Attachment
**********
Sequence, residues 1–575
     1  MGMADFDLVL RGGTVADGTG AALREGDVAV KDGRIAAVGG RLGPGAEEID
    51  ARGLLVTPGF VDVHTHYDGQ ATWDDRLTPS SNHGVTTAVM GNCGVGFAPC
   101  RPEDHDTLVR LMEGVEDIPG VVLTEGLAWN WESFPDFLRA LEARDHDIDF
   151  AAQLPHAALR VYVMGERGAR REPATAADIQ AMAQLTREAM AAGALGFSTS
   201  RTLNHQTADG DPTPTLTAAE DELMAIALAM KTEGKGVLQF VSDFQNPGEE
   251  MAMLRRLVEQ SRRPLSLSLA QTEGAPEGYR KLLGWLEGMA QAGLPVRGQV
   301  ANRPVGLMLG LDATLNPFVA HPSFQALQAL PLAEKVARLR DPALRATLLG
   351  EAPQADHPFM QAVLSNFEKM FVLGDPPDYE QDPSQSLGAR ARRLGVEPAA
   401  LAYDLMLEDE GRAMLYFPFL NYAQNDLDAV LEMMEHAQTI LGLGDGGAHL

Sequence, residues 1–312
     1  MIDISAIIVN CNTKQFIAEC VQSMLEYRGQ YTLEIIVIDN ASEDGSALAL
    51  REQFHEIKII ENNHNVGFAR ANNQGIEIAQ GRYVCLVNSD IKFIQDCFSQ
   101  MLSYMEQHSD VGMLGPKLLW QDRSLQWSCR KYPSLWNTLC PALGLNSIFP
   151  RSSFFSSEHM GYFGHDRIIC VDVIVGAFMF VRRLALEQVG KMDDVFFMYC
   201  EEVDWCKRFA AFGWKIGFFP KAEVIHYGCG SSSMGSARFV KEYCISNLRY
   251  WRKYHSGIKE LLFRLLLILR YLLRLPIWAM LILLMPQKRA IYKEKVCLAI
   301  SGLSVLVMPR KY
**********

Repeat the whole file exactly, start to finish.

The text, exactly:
Sequence, residues 1–575
     1  MGMADFDLVL RGGTVADGTG AALREGDVAV KDGRIAAVGG RLGPGAEEID
    51  ARGLLVTPGF VDVHTHYDGQ ATWDDRLTPS SNHGVTTAVM GNCGVGFAPC
   101  RPEDHDTLVR LMEGVEDIPG VVLTEGLAWN WESFPDFLRA LEARDHDIDF
   151  AAQLPHAALR VYVMGERGAR REPATAADIQ AMAQLTREAM AAGALGFSTS
   201  RTLNHQTADG DPTPTLTAAE DELMAIALAM KTEGKGVLQF VSDFQNPGEE
   251  MAMLRRLVEQ SRRPLSLSLA QTEGAPEGYR KLLGWLEGMA QAGLPVRGQV
   301  ANRPVGLMLG LDATLNPFVA HPSFQALQAL PLAEKVARLR DPALRATLLG
   351  EAPQADHPFM QAVLSNFEKM FVLGDPPDYE QDPSQSLGAR ARRLGVEPAA
   401  LAYDLMLEDE GRAMLYFPFL NYAQNDLDAV LEMMEHAQTI LGLGDGGAHL

Sequence, residues 1–312
     1  MIDISAIIVN CNTKQFIAEC VQSMLEYRGQ YTLEIIVIDN ASEDGSALAL
    51  REQFHEIKII ENNHNVGFAR ANNQGIEIAQ GRYVCLVNSD IKFIQDCFSQ
   101  MLSYMEQHSD VGMLGPKLLW QDRSLQWSCR KYPSLWNTLC PALGLNSIFP
   151  RSSFFSSEHM GYFGHDRIIC VDVIVGAFMF VRRLALEQVG KMDDVFFMYC
   201  EEVDWCKRFA AFGWKIGFFP KAEVIHYGCG SSSMGSARFV KEYCISNLRY
   251  WRKYHSGIKE LLFRLLLILR YLLRLPIWAM LILLMPQKRA IYKEKVCLAI
   301  SGLSVLVMPR KY